The shift away from viewing towns and cities on an aesthetic, geographic, morphological level to one of potential socio-economic activity and development, suggested the requirement for the intervention of scientific analysis grounding any emergent governing processes in empiricism. The introduction of a broader, strategic level of planning supported by the rational decision making process required a range of skills additional to that of the traditional planner, designer.

In todayʼs planning system the planner plays the role of facilitator or mediator (Taylor 2006) where the technical expertise of the planner are supplemented by a host of external parties involved in the planning process, now championed through the partnership approach.

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A fragmented understanding of contemporary problems only generates fragmented solutions (Ellin 2006); in response to this quote it is seen that the failure to address perpetuating levels of social and economic deprivation in a holistic fashion has led to a pattern of fragmented management which the current multifaceted nature of the modern planning system aims to rectify.

This multifaceted approach is supported by the emergence of what Ellin Describes as administrative hybrids reflected in the growing resonance of the partnership approach throughout the modern planning system. Current

partnership schemes between government, public and private organisations manage a great deal of transit and housing and cultural development opportunities. This newly founded system of interdisciplinary practice is afforded by the incremental approach toward building city regions. The LDF portfolio with the core strategy at its heart is supplemented by the potential addition of development plan and supplementary planning documents. Such components enable a tailored approach to urban planning and facilitate a celebration of individuality as advocated for by both social activist Jacobs (1961) and Ellin. The term postmodern when associated with planning practice and the evolution of the planning system proves somewhat of an oxymoron. The concept of postmodernism in itsʼ purest sense is that there is no single legitimising definition that gives the movement credence. Postmodernism as a cultural shift that influences the way we govern our cities is intended to be at best defined as the multiplicity of interrelations involved in urban living (Oranje, 2002), a concept exempt of categorical exactness. Due to the free reign of the postmodern era and transitional population governed by increasingly flexible political regimes, the planning system as a guiding mechanism is too adjusting to the ephemeral state of local, regional and national socio-economic development. The current portfolio structure that is the modern Local Development Framework affords increased variability in planning and governance with the notion of spatial planning and regional specificity being pushed to the forefront of the planning agenda. The concept of spatial planning is therefore meant to reflect the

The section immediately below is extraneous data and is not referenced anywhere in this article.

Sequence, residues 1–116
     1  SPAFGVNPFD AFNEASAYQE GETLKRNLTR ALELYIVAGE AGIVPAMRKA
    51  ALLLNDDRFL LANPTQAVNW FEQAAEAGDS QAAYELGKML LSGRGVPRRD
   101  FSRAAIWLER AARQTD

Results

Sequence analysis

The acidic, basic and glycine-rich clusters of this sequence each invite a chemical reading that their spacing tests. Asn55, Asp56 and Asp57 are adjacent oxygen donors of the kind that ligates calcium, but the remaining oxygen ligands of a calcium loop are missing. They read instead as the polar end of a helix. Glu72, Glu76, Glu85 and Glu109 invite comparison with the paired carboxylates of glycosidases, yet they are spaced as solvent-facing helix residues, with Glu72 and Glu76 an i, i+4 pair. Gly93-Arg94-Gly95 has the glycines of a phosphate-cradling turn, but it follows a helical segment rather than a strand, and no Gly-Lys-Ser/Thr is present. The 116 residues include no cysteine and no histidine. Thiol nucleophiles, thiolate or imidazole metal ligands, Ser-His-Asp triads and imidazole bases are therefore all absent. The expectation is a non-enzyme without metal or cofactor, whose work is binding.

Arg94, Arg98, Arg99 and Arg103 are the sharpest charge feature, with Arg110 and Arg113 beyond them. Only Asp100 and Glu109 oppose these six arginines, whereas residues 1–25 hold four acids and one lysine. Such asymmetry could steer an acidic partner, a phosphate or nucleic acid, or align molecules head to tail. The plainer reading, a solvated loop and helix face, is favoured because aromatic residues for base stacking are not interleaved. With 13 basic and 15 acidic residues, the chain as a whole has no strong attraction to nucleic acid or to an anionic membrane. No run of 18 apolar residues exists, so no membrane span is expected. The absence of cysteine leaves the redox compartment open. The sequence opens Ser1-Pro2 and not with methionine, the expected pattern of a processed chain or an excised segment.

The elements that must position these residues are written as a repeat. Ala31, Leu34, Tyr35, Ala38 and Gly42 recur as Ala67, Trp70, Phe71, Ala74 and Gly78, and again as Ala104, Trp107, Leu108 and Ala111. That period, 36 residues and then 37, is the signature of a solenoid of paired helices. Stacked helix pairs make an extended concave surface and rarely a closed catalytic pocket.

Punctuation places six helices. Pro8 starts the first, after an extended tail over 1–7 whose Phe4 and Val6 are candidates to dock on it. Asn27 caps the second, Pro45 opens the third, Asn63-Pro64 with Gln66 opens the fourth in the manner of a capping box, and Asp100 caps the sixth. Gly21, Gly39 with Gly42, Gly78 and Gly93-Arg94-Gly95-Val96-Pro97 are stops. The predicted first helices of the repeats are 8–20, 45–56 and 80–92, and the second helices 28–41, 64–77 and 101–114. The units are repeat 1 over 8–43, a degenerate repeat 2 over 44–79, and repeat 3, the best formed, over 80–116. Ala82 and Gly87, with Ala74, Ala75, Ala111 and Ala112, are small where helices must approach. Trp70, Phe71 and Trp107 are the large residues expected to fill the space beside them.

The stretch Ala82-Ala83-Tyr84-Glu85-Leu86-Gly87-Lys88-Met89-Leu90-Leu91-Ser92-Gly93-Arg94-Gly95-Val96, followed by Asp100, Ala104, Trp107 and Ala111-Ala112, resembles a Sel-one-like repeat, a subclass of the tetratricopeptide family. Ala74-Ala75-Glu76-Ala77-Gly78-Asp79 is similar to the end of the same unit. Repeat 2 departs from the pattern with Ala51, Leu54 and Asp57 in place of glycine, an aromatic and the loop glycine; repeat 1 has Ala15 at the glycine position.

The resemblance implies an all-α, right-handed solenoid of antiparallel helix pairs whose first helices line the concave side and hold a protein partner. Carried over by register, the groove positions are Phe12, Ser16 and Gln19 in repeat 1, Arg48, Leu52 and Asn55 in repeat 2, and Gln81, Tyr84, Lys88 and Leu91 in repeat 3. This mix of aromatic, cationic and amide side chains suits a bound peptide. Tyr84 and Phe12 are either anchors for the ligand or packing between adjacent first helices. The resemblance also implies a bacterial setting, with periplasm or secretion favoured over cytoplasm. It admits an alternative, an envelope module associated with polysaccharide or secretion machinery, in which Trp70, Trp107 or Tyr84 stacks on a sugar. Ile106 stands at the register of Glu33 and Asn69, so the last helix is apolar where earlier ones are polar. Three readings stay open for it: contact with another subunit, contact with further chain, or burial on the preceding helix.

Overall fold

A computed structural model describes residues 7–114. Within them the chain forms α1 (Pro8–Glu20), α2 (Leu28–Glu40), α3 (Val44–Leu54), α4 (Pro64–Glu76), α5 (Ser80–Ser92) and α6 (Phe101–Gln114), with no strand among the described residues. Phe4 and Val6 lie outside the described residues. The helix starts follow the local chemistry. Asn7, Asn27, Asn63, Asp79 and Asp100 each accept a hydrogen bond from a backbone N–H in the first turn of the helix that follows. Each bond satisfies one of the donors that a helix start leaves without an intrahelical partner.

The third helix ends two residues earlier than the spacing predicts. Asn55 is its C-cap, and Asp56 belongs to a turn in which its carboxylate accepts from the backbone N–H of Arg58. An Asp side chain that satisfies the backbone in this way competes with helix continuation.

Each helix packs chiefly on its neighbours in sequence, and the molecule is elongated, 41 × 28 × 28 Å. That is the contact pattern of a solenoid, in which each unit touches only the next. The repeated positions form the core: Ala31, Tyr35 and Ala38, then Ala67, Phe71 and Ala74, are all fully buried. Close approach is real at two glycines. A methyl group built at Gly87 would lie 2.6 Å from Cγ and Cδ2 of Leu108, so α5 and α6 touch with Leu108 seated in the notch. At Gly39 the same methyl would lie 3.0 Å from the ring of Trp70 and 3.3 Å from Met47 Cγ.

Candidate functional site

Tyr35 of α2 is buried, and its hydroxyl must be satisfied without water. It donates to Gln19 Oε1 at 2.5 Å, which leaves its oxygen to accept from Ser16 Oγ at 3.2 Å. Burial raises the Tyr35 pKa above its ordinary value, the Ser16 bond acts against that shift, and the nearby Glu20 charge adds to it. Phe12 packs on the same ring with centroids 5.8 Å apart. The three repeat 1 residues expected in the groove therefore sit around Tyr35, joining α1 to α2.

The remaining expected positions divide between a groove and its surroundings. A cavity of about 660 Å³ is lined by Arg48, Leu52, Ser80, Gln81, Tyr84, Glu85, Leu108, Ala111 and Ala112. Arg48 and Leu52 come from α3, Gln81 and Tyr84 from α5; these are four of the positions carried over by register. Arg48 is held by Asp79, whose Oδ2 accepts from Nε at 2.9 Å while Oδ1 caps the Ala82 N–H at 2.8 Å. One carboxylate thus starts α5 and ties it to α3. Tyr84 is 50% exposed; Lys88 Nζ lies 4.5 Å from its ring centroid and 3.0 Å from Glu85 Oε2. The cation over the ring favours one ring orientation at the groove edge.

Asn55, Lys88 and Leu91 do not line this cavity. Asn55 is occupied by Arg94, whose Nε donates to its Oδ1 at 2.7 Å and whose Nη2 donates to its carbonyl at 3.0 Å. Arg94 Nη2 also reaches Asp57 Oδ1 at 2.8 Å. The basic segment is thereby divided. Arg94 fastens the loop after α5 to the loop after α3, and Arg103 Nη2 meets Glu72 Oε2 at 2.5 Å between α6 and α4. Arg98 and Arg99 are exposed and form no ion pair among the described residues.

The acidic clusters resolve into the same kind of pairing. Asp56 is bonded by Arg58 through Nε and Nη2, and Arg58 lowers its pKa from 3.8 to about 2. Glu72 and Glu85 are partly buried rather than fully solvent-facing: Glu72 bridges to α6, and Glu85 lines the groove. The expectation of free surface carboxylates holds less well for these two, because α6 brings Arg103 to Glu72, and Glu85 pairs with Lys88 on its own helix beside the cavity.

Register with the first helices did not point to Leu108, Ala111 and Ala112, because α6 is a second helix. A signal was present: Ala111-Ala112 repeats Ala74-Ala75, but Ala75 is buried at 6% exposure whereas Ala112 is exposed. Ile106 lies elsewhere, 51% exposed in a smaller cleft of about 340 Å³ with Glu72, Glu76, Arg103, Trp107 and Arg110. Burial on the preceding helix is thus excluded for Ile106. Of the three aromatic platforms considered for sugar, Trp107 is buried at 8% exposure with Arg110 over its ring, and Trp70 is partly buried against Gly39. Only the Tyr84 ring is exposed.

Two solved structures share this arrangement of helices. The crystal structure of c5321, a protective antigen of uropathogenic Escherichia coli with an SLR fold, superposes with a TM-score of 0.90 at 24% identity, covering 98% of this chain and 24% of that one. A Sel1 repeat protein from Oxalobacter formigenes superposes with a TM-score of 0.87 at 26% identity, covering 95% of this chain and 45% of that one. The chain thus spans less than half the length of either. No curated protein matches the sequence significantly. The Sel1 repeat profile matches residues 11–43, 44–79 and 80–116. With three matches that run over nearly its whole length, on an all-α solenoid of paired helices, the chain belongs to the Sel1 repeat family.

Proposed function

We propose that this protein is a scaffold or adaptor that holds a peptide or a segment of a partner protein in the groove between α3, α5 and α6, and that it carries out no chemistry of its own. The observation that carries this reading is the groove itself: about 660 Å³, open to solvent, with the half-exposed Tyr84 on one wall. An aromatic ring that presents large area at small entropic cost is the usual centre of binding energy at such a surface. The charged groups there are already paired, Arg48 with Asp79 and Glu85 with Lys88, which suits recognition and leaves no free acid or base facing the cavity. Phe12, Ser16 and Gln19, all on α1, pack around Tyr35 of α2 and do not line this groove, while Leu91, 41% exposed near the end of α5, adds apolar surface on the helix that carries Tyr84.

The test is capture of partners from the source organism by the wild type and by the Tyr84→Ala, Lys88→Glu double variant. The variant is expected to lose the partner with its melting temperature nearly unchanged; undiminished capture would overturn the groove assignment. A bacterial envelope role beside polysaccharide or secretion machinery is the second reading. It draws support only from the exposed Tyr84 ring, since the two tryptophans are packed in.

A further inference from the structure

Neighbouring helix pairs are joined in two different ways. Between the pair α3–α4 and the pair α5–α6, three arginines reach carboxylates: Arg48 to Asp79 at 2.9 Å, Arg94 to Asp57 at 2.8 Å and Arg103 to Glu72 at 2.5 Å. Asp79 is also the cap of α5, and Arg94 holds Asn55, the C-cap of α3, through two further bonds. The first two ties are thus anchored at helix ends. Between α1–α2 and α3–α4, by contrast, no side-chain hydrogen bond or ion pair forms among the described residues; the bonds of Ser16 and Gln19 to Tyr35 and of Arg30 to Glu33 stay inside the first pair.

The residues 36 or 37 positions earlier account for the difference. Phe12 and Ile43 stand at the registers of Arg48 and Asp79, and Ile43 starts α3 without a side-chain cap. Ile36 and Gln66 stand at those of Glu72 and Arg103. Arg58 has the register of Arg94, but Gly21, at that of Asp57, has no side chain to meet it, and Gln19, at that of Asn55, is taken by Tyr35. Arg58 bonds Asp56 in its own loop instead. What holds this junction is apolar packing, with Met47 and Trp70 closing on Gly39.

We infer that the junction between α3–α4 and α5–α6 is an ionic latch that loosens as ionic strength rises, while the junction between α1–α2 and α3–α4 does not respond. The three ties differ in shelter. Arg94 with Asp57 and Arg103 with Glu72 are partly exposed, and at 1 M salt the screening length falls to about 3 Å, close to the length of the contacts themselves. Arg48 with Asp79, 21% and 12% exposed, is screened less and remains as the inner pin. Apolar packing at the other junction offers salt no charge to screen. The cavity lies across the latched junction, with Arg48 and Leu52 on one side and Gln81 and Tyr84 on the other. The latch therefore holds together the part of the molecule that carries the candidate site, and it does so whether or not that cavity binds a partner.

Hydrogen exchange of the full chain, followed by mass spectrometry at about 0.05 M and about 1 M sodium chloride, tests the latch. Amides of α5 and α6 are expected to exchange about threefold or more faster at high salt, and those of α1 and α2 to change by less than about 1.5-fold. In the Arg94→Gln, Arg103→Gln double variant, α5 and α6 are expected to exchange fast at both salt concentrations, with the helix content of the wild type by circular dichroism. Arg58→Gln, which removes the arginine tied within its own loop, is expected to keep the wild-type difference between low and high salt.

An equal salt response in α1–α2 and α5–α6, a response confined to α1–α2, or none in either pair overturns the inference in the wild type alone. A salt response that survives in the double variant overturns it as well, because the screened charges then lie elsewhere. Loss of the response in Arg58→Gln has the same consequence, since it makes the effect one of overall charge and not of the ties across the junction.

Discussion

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distinctive nature of individual localities of which the LDF system claims to achieve.

The postmodern questioning of the efficacy of the modernist planning system is challenged by Michael Dear (1995, p.28, cited in Healy et al., 1995):

Postmodernismʼs principal target has been the rationality of the modern movement, especially its foundational character, its search for the universal truth… the postmodern position is that all meta-narratives are suspect; that the authority claimed by any single explanation is ill-founded, and hence should be resisted. In essence, postmodernists assert that the relative merit of any one meta-narrative over another is ultimately undecidable; and by extension, that any such attempts to forge intellectual consensus should be resisted.

Post Modern theory therefore argues for a theory that is grounded in a gross consideration for all aspects of 21st Century living; resisting the need to create socially divisive mechanisms as a result of the developing role of market forces and political restructuring.

Postmodern Design

Governing social principles in a then current state of flux are constantly characterised by a growing shift in architectural preference. The changing penchant for design has marked a reversion back to pre-modernist elements, forming a strong stance against the modernist monolithic block with itʼs overbearing scale and massing; building envelopes defined by simple geometric shapes that prove severely unsympathetic in relation to human dimensions.